Trump Thinks He's Above the Law — and His Lawyer Agrees

On Saturday, Donald Trump tweeted what was an extraordinary tweet among a weekend of remarkable tweeting:

screen cap of Trump tweet reading: 'I had to fire General Flynn because he lied to the Vice President and the FBI. He has pled guilty to those lies. It is a shame because his actions during the transition were lawful. There was nothing to hide!'

It was an incredible admission: Trump had never before said that he knew Michael Flynn lied at the time of his firing. As Daniel Dale noted on Twitter: "So...this tweet is the president saying he knew Flynn had committed a federal crime, and therefore faced big legal exposure, at the time the president tried to get the FBI director to drop the Flynn investigation."

Right away, I thought it was a suspect admission: "There's a pretty good chance Trump tweeted about Flynn lying to the FBI because he wanted to look like he's known that all along and didn't just find out with all the rest of us schlubs. And if that's the case: Whooooooooops. Wouldn't be the first time Trump's pathological insecurity and need to appear smarter than everyone else got him into trouble. Won't be the last. Or, you know, he knew and just admitted it because he has rank hostility for the rule of law and fears no consequences."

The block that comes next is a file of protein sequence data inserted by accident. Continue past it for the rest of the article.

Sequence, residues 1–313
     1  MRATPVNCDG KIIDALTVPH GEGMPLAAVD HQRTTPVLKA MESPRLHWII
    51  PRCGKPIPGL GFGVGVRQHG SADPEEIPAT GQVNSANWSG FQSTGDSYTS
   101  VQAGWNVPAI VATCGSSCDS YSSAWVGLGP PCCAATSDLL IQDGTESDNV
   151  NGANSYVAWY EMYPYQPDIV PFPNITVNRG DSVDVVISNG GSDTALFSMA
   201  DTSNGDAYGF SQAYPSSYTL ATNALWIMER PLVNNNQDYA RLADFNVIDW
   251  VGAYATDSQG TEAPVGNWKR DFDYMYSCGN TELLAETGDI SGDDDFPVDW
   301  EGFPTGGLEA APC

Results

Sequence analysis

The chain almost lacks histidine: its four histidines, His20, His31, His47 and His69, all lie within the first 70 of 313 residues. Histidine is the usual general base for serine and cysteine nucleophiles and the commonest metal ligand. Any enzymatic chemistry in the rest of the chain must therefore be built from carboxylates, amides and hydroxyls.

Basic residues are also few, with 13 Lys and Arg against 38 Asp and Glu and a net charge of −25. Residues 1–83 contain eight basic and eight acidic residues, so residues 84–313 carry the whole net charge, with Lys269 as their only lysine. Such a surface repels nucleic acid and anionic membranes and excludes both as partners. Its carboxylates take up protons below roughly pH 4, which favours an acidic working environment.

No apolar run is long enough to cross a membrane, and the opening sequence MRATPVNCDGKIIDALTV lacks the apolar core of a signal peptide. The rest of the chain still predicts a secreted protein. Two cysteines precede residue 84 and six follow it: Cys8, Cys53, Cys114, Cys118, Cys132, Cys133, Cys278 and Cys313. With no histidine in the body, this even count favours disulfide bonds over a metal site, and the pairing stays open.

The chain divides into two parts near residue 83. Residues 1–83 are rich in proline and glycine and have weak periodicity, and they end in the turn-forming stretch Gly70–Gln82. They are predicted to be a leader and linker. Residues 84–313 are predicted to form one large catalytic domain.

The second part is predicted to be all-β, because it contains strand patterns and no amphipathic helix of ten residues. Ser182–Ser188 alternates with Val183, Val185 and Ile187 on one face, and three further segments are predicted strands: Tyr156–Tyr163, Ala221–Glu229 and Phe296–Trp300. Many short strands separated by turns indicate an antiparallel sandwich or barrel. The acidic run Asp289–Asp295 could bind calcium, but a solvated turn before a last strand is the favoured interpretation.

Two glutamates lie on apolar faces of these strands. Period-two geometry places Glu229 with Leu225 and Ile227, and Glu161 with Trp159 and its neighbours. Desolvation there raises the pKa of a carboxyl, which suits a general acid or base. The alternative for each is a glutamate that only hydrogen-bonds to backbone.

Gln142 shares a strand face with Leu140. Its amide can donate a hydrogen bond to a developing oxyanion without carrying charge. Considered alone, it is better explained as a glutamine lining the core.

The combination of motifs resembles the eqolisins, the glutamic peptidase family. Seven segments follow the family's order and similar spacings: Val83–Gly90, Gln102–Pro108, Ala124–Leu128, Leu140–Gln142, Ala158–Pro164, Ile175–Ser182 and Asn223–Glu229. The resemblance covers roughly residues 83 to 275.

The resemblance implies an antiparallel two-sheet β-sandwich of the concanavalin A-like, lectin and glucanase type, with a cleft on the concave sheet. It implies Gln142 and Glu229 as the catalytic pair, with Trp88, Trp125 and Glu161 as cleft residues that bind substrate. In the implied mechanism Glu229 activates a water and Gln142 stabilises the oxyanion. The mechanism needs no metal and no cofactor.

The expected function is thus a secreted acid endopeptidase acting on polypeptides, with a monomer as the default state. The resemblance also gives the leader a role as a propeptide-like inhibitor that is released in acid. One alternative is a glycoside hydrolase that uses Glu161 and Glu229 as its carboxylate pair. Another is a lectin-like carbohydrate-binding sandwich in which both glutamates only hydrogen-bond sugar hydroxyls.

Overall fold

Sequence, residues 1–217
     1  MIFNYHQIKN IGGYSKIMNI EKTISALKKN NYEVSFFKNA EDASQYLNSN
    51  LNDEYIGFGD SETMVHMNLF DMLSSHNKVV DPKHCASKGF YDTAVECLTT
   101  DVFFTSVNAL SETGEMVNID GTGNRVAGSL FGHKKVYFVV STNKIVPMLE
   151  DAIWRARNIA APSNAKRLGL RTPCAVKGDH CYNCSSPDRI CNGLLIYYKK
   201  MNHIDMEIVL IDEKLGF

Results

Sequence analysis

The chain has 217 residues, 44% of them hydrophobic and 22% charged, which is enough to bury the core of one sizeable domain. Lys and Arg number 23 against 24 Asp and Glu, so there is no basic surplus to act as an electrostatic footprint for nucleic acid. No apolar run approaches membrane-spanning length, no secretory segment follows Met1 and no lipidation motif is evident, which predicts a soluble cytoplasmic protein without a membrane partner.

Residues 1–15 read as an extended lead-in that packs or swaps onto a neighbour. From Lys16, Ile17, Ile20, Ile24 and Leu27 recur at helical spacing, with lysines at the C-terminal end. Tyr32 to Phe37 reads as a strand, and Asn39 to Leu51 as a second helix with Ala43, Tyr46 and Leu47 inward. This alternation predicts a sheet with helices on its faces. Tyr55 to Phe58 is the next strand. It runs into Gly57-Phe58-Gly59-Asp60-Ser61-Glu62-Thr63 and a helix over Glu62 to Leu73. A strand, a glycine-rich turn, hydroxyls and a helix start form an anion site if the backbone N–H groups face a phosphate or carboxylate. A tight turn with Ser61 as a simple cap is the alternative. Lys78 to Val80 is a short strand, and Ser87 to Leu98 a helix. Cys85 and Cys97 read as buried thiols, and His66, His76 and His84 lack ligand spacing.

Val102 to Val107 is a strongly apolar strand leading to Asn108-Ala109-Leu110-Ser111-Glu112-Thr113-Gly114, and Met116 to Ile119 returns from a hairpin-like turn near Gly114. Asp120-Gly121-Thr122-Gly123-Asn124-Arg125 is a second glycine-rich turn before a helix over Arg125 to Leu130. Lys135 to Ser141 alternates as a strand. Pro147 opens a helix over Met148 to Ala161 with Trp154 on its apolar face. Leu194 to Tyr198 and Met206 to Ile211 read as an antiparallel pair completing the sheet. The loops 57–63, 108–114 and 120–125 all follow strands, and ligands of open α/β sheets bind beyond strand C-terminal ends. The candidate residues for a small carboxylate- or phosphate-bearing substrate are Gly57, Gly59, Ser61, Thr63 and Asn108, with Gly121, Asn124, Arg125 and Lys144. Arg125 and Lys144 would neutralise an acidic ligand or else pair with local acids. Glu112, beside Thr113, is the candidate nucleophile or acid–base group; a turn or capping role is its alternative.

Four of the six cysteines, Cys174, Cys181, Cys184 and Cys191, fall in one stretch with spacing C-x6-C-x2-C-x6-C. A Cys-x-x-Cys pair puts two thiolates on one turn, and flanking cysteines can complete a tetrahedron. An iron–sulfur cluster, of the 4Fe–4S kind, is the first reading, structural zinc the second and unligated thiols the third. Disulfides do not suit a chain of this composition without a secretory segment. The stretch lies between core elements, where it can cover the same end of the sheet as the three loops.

Hold that thought.

Yesterday, Trump's attorney, John Dowd, claimed that he had authored the tweet. "Dowd told ABC News that he wrote the tweet and that it was 'sloppy.' Trump's claim about knowing Flynn had lied to the FBI in particular set off alarm bells, as it could be used as evidence in an obstruction of justice case against Trump."

Indeed. And Dowd's claim to have authored the tweet was a clear attempt to do an end-run around potential obstruction charges. But it simultaneously raises serious questions about what it means for presidential records keeping requirements if Trump can say at any time: "Oh, someone else wrote/tweeted that."

Or it would raise serious questions, if we weren't living through a looking glass where nothing even matters.

Now, Dowd is going one step further than taking credit for the tweet, by arguing that the contention the tweet admitted obstruction "is an ignorant and arrogant assertion" and, further, that a president can't be guilty of obstruction of justice, anyway.
The "President cannot obstruct justice because he is the chief law enforcement officer under [the Constitution's Article II] and has every right to express his view of any case," Dowd claims.

Dowd says he drafted this weekend's Trump tweet that many thought strengthened the case for obstruction: The tweet suggested Trump knew Flynn had lied to the FBI when he was fired, raising new questions about the later firing of FBI Director James Comey.

Dowd: "The tweet did not admit obstruction. That is an ignorant and arrogant assertion."

Why it matters: Trump's legal team is clearly setting the stage to say the president cannot be charged with any of the core crimes discussed in the Russia probe: collusion and obstruction.
Let us be blunt: This is a legal strategy which essentially argues that Donald Trump cannot be held accountable by the laws of a democracy because he is an authoritarian dictator.


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